I know how this sounds, which is part of the reason it has taken me so long to write. It. Things are much better now than they were when I was younger. I don’t respond to these triggers in the same way every day. They have to catch me in the right moment, maybe I’m tired that day or feeling emotional. Maybe I’m already thinking about the church or rapture for some other reason. Sounds  and visual cues affect me worse than words but occasionally words can do it especially certain Bible quotes. “No man knows the day nor the hour…” “Two men will be in the field, one will be taken…”, 666. This is why I don’t participate in conversations online about the rapture because people will bring up these verses and always the Thief in the Night films, and then it is all over for me. When it gets really bad my brain just starts flashing images at me to force me to pay attention. When I was a kid this sweet woman from the church came to give my mother a Bible study. The Search for Truth Bible Study. This Bible study was very popular within our congregation and they wanted all new converts to go through it. It was a huge flip book that stood on the table by itself with large full-page black and white drawings. One of these drawings has stuck with my mind my whole life it featured the white throne judgment and after all of these years (I was 8 when I first saw it) I can still bring it up into my mind easily.

http://search4truth2.com/DOCs/study/search4truth1-chart.pdf

Start at page 54 and go through to the end and you will see what I mean. The night I had my salvation experience my pastor preached a fire and brimstone sermon that scared the crap out of my 10-year-old self. I fully believed that if I left that service unsaved I would burn forever. From my childhood church experience I have almost no memories of anyone talking about god’s love, it seems like it was mostly turn or burn on repeat. I heard it at home, at church, and at school. It was inescapable.

I wrote this to give you all an idea of what it is like to deal with C-PTSD. When the church exposes young minds to ideas, images, and thoughts they are not ready for or able to fully understand they are committing child abuse. My young mind was damaged in a way that I cannot fully fix. I cannot predict when all of these thoughts will rush at me. Rapture theology is not the only thing contributing to my condition but it is a HUGE part of it and the most unpredictable.

D

Childhood, Depression, Forgiveness, Rapture, Sexual Abuse, United Pentecostal Church

Where Have All Of The Children Gone?

Since I have been writing about my childhood within the church many people have contacted me. Through those contacts, I have had contact with even more people. One thing that has become clear to me is that Calvary Gospel Church (CGC) seems to lose many of their young people. Why does this happen? Is it because of abuse within the church? Sure in some cases but I feel there is more to it than that.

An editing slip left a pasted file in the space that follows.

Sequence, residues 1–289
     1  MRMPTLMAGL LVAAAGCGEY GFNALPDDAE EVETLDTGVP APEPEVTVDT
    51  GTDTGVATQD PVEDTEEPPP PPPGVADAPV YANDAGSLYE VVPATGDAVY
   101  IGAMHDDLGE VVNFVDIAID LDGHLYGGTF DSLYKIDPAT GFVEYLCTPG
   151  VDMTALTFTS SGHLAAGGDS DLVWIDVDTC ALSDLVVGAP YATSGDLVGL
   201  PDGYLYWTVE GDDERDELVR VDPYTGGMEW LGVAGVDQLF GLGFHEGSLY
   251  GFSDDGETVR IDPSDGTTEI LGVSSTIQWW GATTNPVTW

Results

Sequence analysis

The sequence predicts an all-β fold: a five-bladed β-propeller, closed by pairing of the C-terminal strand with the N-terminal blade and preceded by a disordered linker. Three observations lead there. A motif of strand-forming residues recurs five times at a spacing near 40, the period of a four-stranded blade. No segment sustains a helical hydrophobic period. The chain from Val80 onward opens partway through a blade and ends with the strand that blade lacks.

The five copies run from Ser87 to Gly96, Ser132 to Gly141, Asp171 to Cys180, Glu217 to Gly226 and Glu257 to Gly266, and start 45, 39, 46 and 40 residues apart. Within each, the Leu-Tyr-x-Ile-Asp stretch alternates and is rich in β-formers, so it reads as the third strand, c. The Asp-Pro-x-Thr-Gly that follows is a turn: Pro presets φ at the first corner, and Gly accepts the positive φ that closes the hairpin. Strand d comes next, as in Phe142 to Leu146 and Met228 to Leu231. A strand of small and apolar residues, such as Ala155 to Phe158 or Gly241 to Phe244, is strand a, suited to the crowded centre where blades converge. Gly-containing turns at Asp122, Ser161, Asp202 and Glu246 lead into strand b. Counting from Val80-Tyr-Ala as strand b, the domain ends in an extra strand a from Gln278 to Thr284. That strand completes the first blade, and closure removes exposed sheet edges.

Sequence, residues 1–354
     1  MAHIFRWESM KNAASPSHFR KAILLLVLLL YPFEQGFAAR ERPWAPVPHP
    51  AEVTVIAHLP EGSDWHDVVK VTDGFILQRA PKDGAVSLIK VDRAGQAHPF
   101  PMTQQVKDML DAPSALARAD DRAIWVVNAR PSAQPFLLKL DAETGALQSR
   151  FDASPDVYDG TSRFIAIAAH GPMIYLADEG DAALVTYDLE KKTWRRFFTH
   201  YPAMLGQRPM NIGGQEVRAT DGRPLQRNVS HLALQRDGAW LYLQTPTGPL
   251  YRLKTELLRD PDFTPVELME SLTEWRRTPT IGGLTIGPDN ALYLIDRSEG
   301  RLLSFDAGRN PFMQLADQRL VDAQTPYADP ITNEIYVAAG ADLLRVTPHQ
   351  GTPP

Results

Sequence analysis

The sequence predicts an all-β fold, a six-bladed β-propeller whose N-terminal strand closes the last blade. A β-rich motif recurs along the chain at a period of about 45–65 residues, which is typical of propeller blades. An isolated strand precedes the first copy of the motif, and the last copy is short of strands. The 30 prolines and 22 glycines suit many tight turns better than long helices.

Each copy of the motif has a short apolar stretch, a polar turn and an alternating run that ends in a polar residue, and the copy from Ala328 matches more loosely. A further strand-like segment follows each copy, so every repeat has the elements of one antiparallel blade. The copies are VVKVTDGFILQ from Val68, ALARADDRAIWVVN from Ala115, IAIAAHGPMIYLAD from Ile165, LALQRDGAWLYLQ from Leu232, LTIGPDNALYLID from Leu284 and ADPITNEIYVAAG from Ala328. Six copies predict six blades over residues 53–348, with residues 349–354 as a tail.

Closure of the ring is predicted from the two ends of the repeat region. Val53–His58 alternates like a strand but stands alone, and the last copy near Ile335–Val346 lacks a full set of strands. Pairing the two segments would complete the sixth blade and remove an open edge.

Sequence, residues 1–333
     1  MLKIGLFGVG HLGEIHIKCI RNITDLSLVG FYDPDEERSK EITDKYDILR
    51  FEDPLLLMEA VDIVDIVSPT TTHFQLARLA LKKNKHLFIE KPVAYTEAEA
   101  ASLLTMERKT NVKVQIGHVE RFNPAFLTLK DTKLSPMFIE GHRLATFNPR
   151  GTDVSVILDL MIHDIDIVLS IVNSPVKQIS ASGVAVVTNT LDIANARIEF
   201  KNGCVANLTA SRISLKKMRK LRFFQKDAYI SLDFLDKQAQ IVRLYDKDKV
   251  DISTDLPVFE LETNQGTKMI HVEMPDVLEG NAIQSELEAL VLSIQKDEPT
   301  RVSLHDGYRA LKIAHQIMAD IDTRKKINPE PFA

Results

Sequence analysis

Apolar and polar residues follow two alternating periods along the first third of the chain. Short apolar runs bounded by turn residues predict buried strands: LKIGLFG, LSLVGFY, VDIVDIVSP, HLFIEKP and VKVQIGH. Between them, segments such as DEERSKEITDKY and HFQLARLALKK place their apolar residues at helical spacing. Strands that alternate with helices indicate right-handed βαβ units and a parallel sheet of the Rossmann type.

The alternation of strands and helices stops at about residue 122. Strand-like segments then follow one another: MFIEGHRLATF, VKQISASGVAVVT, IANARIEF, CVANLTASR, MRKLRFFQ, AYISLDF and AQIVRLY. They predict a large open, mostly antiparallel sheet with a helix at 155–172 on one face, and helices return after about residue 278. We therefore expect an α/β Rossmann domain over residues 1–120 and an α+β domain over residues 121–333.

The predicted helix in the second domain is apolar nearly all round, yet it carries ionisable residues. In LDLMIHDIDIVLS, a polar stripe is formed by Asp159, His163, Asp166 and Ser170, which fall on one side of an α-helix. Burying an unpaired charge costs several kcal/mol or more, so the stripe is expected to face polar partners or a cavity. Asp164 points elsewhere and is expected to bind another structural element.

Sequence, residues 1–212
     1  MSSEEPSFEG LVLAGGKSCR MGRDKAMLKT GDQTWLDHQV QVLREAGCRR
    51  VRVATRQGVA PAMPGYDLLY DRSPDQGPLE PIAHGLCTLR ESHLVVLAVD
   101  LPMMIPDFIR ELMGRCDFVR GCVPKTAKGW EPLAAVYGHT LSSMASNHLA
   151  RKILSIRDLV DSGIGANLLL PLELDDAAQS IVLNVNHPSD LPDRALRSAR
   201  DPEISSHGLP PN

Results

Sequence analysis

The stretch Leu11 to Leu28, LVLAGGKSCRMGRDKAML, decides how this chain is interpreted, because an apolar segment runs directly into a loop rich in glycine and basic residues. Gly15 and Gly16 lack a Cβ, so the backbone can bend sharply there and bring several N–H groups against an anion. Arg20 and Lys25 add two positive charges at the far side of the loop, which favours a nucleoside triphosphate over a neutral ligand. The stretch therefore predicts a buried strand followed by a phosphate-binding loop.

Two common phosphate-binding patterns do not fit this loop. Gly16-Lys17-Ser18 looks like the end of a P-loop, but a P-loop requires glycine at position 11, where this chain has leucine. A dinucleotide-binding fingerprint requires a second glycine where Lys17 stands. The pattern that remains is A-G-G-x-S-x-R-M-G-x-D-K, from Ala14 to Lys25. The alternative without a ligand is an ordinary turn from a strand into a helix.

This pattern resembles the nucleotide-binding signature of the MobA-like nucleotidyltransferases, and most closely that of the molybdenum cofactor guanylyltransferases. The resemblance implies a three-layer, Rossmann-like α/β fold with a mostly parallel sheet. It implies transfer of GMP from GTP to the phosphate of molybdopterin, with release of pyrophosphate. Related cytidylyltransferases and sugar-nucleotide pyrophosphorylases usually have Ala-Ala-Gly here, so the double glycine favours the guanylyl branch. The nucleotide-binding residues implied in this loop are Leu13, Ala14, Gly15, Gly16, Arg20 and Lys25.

When young people are abused the church tends to minimize the damage and try to cover it up. They do not listen to the victims and they don’t offer any kind of aftercare/compassion when these things occur. Because the police and social services are not involved that pathway to help is not available to the victims either. Those young people are left to twist in the wind and try to make sense of the devastation in their lives. This often leads to depression and a low self-esteem. Victims are made to feel less than and because of that they eventually leave the church.

When the survivors leave, the church writes them off. Time after time I have heard about people leaving and never hearing from the church again. Young people who have spent their whole lives within the church are treated as if they never existed. This has bothered me for years. I don’t know how they can see this behavior as Christ-like. When I left no one came after me. It was like I never existed. What the church often does when someone leaves is they gossip about that person. Eventually, the person in question hears about this gossip and is reinjured and suffers trauma all over again. This makes it very unlikely that the young person will ever want to return to the church.

Questions are often off-limits. When young people go through their teen years questions are natural and should be expected. Teenage rebellion and acting out should also be expected. Within CGC questions and questioning authority is not ok. If you ask too many questions you will be told you have a rebellious spirit. If you are a naturally curious person you will not do well within that congregation. Normal acts of teenage rebellion are often used to label a person forever. Things that all kids do are seen as worthy of a life sentence. If you do anything wrong in the future your past will be brought up as if it happened yesterday.

Mental illness is not treated seriously. Often they will attribute it to sin and tell you to pray harder. They treat the consequences of abuse the same way. If you have anxiety because of their end-time teachings that must be because you are not ready for the rapture. It could not possibly be because those teachings are not healthy for young children to be exposed to. If you are depressed and struggling because of abuse that happened during your childhood they will tell you to forgive and let go. Let god handle it. When that doesn’t work some young people will turn to alcohol and sex to try to quiet the demons. They often leave the church looking for help wherever they can find it because the church did not help and in many cases made things worse.